“Beloved, do not be surprised at the fiery ordeal among you, which comes upon you for your testing, as though some strange thing were happening to you.” 1 Pet. 4:12
The scattered believers in Christ to whom the Apostle Peter wrote his First epistle, were undergoing tremendous persecution from the tyrannical empire of Rome. Since Peter was their shepherd, it was incumbent upon him to strengthen, comfort and give hope to them amid those turbulent times. The Lord Jesus Christ had commanded Peter to be strong and encourage his brethren: “but I [Jesus] have prayed for you, that your faith may not fail; and you, when once you have turned again, strengthen your brothers.” (Luke 22:32). After God allowed Satan to “sift Peter like wheat” (Luke 22:31), and thus denied Jesus three times (Luke 22:55-62); the merciful Jesus restored the fallen Peter (John 21:15-17). A revitalized Apostle Peter remembered the words of Jesus “strengthen your brothers” and “fed His sheep”, by writing two encouraging and instructive letters (1 and 2 Peter). In those letters the Peter knowing the power of Jesus’ restoration, encouraged the scattered, persecuted and downcast Christians to set their minds on things above, rather than earthly things (Col. 3:2)–especially the inevitable suffering they would endure (cf. 1 Pet. 1:6). In one of the most hopeful and powerful passages in all of Scripture, Peter reminds them of their secure salvation in Christ.
“Blessed be the God and Father of our Lord Jesus Christ, who according to His great mercy has caused us to be born again to a living hope through the resurrection of Jesus Christ from the dead, to obtain an inheritance which is imperishable and undefiled and will not fade away, reserved in heaven for you, who are protected by the power of God through faith for a salvation ready to be revealed in the last time. In this you greatly rejoice, even though now for a little while, if necessary, you have been distressed by various trials, that the proof of your faith, being more precious than gold which is perishable, even though tested by fire, may be found to result in praise and glory and honor at the revelation of Jesus Christ; and though you have not seen Him, you love Him, and though you do not see Him now, but believe in Him, you greatly rejoice with joy inexpressible and full of glory, obtaining as the outcome of your faith the salvation of your souls.” (1 Pet. 1:1-9).
With the letters opening hope-filled encouragement, Peter instructs the scattered believers to prepare their minds for the challenges, hardships, and persecution, they would face for their faith: “Therefore, gird your minds for action, keep sober in spirit, fix your hope completely on the grace to be brought to you at the revelation of Jesus Christ.” (1 Pet. 1:13). Peter pulls no punches as he elucidates the difficult trials they will endure– and that they must remain obedient to God regardless of the circumstances. Peter closes his letter in the same fashion as he opened it; by giving them the glorious hope of salvation: “And after you have suffered for a little while, the God of all grace, who called you to His eternal glory in Christ, will Himself perfect, confirm, strengthen and establish you.” (1 Pet. 5:10).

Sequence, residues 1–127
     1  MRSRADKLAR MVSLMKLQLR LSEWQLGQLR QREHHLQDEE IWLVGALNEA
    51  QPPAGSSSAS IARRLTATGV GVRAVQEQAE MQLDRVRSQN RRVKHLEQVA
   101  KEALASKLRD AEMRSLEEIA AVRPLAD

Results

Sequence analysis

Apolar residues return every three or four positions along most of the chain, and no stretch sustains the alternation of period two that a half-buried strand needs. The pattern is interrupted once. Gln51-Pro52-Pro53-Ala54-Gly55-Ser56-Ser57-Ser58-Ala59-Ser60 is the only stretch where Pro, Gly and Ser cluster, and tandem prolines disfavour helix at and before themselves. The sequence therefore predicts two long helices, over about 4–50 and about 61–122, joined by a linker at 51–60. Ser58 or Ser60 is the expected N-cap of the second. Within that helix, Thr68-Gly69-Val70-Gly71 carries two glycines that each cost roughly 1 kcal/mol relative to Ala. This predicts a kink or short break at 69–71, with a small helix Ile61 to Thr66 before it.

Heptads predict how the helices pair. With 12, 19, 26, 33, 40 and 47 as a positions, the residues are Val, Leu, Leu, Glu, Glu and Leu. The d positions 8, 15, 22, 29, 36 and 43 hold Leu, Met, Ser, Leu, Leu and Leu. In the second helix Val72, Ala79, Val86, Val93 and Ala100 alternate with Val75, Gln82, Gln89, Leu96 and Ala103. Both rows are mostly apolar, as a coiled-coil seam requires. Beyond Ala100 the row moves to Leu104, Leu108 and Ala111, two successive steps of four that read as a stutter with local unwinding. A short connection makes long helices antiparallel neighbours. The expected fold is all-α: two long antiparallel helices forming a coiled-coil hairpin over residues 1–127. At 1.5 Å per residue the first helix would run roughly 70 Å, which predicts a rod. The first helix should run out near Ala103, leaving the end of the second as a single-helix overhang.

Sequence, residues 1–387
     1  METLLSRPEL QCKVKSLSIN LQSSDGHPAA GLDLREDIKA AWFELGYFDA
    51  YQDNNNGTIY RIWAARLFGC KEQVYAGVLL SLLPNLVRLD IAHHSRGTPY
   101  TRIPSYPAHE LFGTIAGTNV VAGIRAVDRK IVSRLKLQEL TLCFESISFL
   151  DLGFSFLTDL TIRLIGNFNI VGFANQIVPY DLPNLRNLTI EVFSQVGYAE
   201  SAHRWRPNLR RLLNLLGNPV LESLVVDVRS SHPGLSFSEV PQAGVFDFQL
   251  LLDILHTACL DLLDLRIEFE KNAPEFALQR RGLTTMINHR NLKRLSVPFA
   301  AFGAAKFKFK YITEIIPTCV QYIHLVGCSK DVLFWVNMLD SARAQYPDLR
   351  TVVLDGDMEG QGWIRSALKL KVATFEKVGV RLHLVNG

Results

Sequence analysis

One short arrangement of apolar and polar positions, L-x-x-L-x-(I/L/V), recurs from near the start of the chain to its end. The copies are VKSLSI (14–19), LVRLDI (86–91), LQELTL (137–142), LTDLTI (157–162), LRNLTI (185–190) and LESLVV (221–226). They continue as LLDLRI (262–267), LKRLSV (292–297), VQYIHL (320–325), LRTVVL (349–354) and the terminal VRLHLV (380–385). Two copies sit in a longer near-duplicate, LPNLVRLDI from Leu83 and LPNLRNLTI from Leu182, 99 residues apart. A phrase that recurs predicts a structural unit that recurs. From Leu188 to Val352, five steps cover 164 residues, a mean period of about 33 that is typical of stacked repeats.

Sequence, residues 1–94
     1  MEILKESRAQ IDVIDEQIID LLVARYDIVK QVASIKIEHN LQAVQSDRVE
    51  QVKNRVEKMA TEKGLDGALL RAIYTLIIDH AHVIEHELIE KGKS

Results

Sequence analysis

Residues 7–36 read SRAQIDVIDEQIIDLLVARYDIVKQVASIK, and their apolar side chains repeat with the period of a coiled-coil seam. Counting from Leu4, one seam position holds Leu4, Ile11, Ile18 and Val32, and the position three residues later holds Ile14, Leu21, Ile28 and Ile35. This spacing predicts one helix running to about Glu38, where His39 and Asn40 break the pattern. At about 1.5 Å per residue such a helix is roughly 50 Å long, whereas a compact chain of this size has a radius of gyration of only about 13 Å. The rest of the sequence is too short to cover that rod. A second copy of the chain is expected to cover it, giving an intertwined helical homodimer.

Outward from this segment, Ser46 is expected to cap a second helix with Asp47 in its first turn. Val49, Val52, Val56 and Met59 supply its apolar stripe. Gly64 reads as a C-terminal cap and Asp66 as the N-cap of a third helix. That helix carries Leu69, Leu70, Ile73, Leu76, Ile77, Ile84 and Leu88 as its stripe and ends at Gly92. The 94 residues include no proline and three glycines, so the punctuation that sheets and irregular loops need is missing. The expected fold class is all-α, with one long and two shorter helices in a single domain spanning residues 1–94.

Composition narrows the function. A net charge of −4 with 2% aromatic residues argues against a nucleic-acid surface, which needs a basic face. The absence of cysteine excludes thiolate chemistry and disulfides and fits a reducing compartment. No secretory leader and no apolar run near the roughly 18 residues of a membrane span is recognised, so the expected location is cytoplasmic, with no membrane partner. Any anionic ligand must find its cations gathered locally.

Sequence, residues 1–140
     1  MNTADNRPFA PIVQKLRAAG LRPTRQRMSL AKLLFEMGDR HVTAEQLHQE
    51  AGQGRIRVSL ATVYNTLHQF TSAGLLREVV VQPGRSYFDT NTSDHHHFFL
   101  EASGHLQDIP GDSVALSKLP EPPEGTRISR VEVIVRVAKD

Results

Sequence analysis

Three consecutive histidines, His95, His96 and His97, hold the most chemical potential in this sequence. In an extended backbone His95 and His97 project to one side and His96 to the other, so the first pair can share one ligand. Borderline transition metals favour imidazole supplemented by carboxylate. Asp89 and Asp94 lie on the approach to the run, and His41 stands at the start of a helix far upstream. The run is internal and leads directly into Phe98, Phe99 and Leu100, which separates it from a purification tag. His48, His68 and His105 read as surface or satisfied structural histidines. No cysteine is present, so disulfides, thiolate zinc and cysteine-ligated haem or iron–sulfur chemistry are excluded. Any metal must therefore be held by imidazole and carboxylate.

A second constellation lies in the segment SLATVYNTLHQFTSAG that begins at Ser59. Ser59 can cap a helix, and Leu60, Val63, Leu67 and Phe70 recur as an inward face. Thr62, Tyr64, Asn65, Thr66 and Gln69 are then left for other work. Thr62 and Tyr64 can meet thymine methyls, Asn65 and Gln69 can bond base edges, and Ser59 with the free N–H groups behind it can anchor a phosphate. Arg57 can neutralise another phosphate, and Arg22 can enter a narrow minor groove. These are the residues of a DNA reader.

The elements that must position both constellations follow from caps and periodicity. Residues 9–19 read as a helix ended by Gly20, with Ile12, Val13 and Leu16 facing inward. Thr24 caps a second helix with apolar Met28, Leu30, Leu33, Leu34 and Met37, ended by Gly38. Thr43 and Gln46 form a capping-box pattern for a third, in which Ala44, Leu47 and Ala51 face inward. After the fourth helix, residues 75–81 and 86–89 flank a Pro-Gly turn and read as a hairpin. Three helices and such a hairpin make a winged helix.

So, how can today’s Christians implement Peter’s instructions, living in such a dark and hostile world? One way they can: “… sanctify Christ as Lord in your hearts, always being ready to make a defense to everyone who asks you to give an account for the hope that is in you, yet with gentleness and reverence.” (1 Pet. 3:15). The more antagonistic this culture becomes toward Christians, the more they ought to respond in a Christ-like manner: “For you have been called for this purpose, since Christ also suffered for you, leaving you an example for you to follow in His steps, who committed no sin, nor was any deceit found in His mouth; and while being reviled, He did not revile in return; while suffering, He uttered no threats, but kept entrusting Himself to Him who judges righteously.” (1 Pet. 2:23).
The moment retreat or seclusion enters a fearful mind, it would behoove him to call to mind Scriptures exhortation: “For God has not given us a spirit of timidity, but of power and love and discipline.” (2 Tim. 1:7). Christians must realize that the Word of God, the Bible, is the only source of truth in a vast sea of media deception. Saturating the mind with Scripture is not only necessary, but indeed profitable in the lives of believers: “All Scripture is given by inspiration of God, and is profitable for doctrine, for reproof, for correction, for instruction in righteousness, that the man of God may be complete, thoroughly equipped for every good work.” (2 Timothy 3:16-17). Amen!